An outbreak of avian influenza (AI) caused by a low-pathogenic H5N2 type A influenza virus began in Mexico in 1993 and several highly pathogenic strains of the virus emerged in 1994-1995. The highly pathogenic virus has not been reported since 1996, but the low-pathogenic virus remains endemic in Mexico and has spread to two adjacent countries, Guatemala and El Salvador. Measures implemented to control the outbreak and eradicate the virus in Mexico have included a widespread vaccination program in effect since 1995. Because this is the first case of long-term use of AI vaccines in poultry, the Mexican lineage virus presented us with a unique opportunity to examine the evolution of type A influenza virus circulating in poultry populations where there was elevated herd immunity due to maternal and active immunity. We analyzed the coding sequence of the HA1 subunit and the NS gene of 52 Mexican lineage viruses that were isolated between 1993 and 2002. Phylogenetic analysis indicated the presence of multiple sublineages of Mexican lineage isolates at the time vaccine was introduced. Further, most of the viruses isolated after the introduction of vaccine belonged to sublineages separate from the vaccine's sublineage. Serologic analysis using hemagglutination inhibition and virus neutralization tests showed major antigenic differences among isolates belonging to the different sublineages. Vaccine protection studies further confirmed the in vitro serologic results indicating that commercial vaccine was not able to prevent virus shedding when chickens were challenged with antigenically different isolates. These findings indicate that multilineage antigenic drift, which has not been observed in AI virus, is occurring in the Mexican lineage AI viruses and the persistence of the virus in the field is likely aided by its large antigenic difference from the vaccine strain. (+info)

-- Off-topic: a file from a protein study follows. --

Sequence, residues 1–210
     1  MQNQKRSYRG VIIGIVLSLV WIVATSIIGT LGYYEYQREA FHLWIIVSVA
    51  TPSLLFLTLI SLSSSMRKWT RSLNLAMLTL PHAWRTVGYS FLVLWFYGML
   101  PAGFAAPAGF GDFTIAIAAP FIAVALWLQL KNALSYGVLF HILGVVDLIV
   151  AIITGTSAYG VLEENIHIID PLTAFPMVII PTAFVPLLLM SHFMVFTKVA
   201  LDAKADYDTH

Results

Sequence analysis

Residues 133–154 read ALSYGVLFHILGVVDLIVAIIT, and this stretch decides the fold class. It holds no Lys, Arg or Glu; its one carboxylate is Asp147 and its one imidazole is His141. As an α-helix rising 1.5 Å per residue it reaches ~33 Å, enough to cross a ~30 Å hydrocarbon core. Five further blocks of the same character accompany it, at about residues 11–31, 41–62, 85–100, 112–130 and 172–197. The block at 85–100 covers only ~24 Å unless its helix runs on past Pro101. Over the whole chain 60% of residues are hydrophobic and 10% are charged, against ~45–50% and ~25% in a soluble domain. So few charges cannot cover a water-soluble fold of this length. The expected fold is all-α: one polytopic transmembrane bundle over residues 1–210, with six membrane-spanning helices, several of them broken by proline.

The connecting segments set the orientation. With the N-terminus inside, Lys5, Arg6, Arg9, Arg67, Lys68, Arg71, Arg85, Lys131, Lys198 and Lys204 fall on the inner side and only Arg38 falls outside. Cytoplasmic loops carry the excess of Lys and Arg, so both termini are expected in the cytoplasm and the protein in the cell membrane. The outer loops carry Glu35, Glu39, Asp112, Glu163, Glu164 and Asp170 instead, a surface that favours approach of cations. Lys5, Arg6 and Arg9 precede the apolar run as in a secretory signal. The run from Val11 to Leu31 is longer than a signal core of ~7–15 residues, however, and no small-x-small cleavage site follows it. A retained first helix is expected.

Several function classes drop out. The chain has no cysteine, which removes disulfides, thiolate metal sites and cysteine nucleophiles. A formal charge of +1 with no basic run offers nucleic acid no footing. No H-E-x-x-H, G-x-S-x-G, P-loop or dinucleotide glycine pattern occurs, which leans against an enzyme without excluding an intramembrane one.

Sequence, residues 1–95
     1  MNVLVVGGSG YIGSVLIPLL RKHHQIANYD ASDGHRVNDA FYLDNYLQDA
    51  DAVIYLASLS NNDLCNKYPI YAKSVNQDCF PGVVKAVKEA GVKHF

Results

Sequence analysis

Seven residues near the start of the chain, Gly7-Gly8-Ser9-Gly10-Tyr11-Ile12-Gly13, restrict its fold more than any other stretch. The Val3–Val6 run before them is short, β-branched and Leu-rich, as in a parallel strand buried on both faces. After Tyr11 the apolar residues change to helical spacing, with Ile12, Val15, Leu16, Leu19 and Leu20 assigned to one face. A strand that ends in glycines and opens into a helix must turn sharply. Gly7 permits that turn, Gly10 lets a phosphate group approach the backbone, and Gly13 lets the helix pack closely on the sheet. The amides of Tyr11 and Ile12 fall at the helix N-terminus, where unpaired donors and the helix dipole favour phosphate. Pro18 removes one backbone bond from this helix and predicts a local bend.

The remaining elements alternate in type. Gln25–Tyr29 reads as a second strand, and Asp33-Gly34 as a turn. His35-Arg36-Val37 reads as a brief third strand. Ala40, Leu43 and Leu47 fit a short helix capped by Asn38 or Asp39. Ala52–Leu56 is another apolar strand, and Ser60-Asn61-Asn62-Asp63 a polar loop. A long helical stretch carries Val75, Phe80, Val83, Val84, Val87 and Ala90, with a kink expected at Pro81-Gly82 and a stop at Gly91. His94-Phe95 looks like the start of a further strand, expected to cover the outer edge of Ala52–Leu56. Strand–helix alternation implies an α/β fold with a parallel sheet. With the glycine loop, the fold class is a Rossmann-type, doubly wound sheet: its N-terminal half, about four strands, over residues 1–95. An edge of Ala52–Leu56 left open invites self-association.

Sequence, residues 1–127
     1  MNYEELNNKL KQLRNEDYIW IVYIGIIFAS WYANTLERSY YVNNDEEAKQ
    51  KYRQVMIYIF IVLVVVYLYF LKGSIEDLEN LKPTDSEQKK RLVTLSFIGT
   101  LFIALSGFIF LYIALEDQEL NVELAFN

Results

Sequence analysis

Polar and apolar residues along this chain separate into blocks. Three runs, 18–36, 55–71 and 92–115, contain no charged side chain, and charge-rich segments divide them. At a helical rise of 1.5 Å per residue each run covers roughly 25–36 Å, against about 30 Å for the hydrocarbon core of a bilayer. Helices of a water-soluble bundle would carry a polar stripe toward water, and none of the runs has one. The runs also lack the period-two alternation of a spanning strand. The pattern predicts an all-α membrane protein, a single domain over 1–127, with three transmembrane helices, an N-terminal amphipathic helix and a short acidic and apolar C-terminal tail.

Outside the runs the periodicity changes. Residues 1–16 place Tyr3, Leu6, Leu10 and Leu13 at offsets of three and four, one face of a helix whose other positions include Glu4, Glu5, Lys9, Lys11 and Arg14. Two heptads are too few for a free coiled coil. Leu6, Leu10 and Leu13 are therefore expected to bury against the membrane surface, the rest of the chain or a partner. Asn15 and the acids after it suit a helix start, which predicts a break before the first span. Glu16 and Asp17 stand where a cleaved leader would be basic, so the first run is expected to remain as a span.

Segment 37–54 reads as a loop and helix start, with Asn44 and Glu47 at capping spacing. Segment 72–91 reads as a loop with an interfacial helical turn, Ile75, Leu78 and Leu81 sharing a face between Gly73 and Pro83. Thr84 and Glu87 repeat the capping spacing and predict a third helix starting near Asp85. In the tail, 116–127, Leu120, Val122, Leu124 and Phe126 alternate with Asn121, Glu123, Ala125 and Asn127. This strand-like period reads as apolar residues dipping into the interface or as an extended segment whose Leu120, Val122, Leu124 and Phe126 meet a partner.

H5N2 avian influenza outbreak in Texas in 2004: the first highly pathogenic strain in the United States in 20 years?